Surveying my garden after I'd been away for a week revealed a degree of disarray. With visitors due this weekend, I needed to quickly spruce up the garden - and in fact this is a great time to tidy up the garden: after weeks of hot, dry weather, plants can be looking rather tired and unruly. A few minutes spent deadheading can make a border quickly look a lot better. My Dahlia and Canna plants looked very shabby with numerous spent flowers - snipping these off makes them look so much neater and will promote more flowers through into autumn. I also trim the old flower stems of many Salvia plants at this time - and this will encourage a fresh flush of blooms. I think many Salvia are actually better in late summer and autumn than at any other time of the year. All the deadheads of Agapanthus have now been removed and put in the green bin, and this is a great improvement as these look so scruffy left on the plants.
Giving plants a light overall trim at this time can promote nice fresh growth on those that have basically finished flowering and in some cases renewed flowering can occur, such as with Gaura. I trim off grotty old leaves, such as those of Acanthus mollis, which look hideous at this time of year. I also cut off some of the excess foliage of plants that are smothering other plants. Plants can be killed by overly vigorous neighbours and we sometimes need to intervene to keep plants to their apportioned spots. Plants that are too enthusiastic may need to be evaluated as to whether they require too much work in reining them in - and possibly should be removed altogether. I also plan to prune my Hydrangea macrophylla shrubs this month to allow more space around them for winter and early spring flowers, and to get rid of all the burnt flower-heads. I used to prune them in winter but I have found February is a good time to do it and there is no deleterious effect on their flowering.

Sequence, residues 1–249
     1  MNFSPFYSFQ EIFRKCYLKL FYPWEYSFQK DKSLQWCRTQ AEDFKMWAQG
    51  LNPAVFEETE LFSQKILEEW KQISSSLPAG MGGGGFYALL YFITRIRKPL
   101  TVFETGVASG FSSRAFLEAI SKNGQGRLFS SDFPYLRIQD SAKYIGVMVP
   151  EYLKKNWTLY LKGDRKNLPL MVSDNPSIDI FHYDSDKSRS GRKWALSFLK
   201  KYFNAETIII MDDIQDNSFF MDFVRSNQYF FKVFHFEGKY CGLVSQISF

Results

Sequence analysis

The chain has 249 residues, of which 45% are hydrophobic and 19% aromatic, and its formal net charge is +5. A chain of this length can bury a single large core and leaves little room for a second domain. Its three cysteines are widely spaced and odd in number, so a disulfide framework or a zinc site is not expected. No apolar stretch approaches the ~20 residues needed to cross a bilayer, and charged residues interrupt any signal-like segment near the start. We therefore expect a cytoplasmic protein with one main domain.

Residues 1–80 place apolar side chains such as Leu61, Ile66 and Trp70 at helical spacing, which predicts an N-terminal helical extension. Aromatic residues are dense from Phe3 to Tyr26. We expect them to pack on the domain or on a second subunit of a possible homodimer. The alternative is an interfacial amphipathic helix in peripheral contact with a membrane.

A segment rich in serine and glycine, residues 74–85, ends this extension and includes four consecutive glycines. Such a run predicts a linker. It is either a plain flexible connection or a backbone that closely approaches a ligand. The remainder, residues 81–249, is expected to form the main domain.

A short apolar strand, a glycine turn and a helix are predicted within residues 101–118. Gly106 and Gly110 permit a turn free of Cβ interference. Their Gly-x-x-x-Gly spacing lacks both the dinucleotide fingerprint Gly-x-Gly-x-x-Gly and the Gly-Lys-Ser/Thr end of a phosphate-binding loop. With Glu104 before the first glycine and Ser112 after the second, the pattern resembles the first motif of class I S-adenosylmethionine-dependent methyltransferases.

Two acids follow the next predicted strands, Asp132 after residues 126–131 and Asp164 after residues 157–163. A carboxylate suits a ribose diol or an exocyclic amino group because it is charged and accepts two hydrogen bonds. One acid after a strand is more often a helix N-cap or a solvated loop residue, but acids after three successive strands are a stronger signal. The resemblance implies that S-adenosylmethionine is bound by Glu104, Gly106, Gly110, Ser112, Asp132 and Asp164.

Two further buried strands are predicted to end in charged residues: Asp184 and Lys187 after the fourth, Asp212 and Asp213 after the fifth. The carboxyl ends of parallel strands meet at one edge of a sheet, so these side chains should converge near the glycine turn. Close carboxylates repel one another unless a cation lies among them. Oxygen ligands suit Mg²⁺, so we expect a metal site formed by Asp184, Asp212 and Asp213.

Removing summer annuals that have had it instantly improves a garden area. The only ones I grow are those that self-seed in my garden. The gawky annual Cleome plants that I maligned in my previous blog have now been removed, as have many plants of Verbena bonariensis, borage and Amaranthus caudatus that I was fed up with. At the same time, I pulled out a few other plants I was thoroughly sick of or that were not thriving, and felt a sense of relief that they were gone, leaving spaces to plant something more enticing.
Weeding was another chore I had been neglecting during the long hot spell we had in January, when I just couldn't bear to be outside in the garden. With a few cooler days this past week, I felt inspired to get on top of the weeds in a few garden beds and it was amazing how these areas looked so much better so quickly! I have also been trying pouring boiling water over weeds growing between my pavers, and this seems to be going well so far.
This is also a great time of year to start thinking about moving plants around into better positions. I won't move anything just yet, leaving this till the weather cools down a bit, but I have lots of ideas about how things could look better in different places. I try to write these ideas down in my gardening notebook as soon as I am inspired - if I don't, they will be forgotten by tomorrow!
Sprucing up the garden needn't take a huge amount of time, and readies it for the very best time of the year in Sydney for gardeners (in my opinion): early autumn!
18 Oct 20
Although my garden is semi-tropical in nature now, I still have some vestiges from my cottage garden days!
11 Oct 20
Consider training a shrub into a small tree.
04 Oct 20
October is iris time in Sydney gardens: the best are the tall bearded irises and Louisiana irises.
One crowded hour
27 Sep 20
Much can be achieved in regular short stints in the garden.
20 Sep 20
We may not be able to grow massed displays of tulips in our climate, but try some of these South African corms instead.